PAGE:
I have been confined by a fever to my bed ⟨for⟩ 17 days. Yesterday and to-day I have sat up a little. I have just recd your letter of the 10th Ulto. which arrived du⟨ri⟩ng the hight of my illness after having gone to Fayettville in N. Carolina and back to Philada. I expect a visit from Bishop Carroll on his return to Balt. which may be next week. I have thought if I shewed him a paragraph in...
I received your letter of the 23 in the order of the mail, and yesterday yours of the 27th. With respect to the former I have made no use of the quoted paragraph and hesitate between shewing it to the Bishop or the principal himself. Altho I think I may trust the Bishop, and am certain that it would be communicated yet if I shew it to the latter it may be in less danger of getting abroad and...
Knowing that I was apt to lose letters out of my pocket, and recollecting that you are a little subject to lose them by not putting them into yours, I thought it best that we should burn them. I can therefore answer to your inquiry (reced. last night) only from memory. I think I, as mere intelligence, mentioned to you the names of some of our candidates for Congress and subjoined some sketch...
We have scattered in air the long string of amendments that had been proposed to be incorporated into our constitutution by those who were no friends to the U.S.’s constitution, so we remain a free people and a tolerably virtuous people. There are three or four bills before the house and to come before the house in which I feel an interest and which will detain me here perhaps two weeks. I...
Though exceedingly mortified and hurt at Mr. Perry’s being refused that inspectorship I did not once think of blaming you. I ascribed it to the peculiarity of your situation and the enmity of those who were near you, originating in the part that gentleman had taken against them. The Tilghmans I believe influenced Coxe. Coxe made the thing an object and you had those of greater magnitude to...
What shall I say to you? Convince you that though I have been a long time silent I have not therefore ceased to love you nor for a moment felt any abatement of my friendship. You remember my last letter was an answer to yours respecting Perry. He was much disappointed and I had some reason to participate in it, for I had contemplated no opposition to the slender office with which he seemed...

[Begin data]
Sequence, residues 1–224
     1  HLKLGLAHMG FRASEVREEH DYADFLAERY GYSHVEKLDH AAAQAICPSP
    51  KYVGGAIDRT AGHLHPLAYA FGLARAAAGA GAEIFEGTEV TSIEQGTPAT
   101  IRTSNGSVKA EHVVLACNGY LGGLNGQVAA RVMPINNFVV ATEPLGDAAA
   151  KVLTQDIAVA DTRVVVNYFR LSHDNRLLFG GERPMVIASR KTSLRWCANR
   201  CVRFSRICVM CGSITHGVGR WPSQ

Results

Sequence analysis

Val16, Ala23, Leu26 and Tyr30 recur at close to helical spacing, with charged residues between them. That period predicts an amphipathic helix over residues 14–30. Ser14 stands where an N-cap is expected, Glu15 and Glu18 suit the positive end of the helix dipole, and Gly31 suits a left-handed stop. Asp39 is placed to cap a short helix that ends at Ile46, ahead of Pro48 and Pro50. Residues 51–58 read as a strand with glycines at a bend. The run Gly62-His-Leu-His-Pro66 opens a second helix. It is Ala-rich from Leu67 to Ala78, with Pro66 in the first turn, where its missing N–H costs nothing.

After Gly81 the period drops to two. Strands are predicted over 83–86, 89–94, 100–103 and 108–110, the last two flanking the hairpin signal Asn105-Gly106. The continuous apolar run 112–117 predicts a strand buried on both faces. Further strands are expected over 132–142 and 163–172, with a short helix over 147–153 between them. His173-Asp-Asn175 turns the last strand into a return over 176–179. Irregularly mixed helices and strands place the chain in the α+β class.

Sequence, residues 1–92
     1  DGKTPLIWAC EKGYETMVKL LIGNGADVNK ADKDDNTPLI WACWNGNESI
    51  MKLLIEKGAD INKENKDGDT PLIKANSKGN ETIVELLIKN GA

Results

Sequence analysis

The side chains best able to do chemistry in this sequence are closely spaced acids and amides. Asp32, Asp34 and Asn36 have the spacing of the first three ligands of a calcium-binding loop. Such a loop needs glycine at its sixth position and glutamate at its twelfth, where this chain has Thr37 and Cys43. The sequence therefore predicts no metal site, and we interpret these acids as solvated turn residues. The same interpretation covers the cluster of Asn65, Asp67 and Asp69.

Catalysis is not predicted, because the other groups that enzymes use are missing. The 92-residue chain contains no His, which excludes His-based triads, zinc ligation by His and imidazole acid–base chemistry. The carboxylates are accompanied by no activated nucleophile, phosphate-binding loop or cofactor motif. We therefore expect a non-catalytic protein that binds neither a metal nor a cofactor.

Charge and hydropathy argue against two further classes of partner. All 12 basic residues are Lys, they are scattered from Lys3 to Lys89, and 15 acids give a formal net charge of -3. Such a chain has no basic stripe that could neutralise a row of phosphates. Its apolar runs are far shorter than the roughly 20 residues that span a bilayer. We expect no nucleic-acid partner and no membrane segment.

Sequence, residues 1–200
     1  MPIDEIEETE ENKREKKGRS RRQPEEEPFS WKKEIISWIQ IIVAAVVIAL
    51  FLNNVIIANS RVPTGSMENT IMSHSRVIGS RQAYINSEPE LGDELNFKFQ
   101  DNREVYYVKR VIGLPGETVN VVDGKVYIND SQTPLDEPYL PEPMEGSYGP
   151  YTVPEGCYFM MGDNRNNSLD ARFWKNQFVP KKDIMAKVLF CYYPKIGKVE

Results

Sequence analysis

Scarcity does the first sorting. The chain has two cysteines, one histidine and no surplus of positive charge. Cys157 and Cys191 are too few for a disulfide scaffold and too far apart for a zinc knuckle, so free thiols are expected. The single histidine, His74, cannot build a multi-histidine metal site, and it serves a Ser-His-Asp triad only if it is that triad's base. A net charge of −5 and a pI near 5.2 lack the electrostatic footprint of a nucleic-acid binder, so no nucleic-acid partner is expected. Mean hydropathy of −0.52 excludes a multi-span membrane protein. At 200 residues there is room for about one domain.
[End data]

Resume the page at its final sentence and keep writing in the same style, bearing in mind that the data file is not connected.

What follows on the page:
Wilkinson continues to heap charges upon Wayne; is condensing them into a consistent form, and I perceive will urge them in such a manner as may oblige the Executive, to determine whether a commander of the army can be tried by a court martial, or the affair examined by a court of inquiry, or if neither can be done by what authority the case is cognizable. Will you take the question into your...
[ Philadelphia, 1796–January, 1797. At this time, McHenry “suggested to Hamilton the establishment of a permanent navy yard, and enclosed a draft of his departmental report in which he tried not to censure his predecessors.” Letter not found. ] Steiner, James McHenry Bernard C. Steiner, The Life and Correspondence of James McHenry (Cleveland, 1907). , 180, note 1. Although Steiner dates this...
I here transmit the arrangement of the legion and Cavalry which you will please to have promulged and carried into execution. You will perceive by adverting to the table of Regiments and Rank that the President has been guided by the rule of Seniority and that the Officers with a few exceptions remain attached to the Men which they have been accustomed to command. For example the First Sub...
It may give you some pleasure to know from one who cannot be supposed to have any interest in concealing disagreeable circumstances from you, that all your late public acts, and the arrangements which respect your household meet with universal approbation. Men of different political sentiments have united in your praise. The unfriendly to the constitution have only ventured to observe “that...
Your late indisposition which has alarmed me not a little makes me more desirous than ever that you should have some person near you who is well acquainted with your constitution and who has been accustomed to your confidence. This leads me to take the liberty to remind you of old Doctor Craik whom I well know, unless he is greatly changed cannot be very happy at a distance from you. I think...
Mr Eiclberger of this place informs me that he has petitioned for surveyor or other appointment in the customs, and begs that I would mention him to your Excellency. I think he served about three years in the late army, since which he has carried on a retail trade with a very fair character. He is a Dutch man and not without influence among his countrymen which he has always used like a good...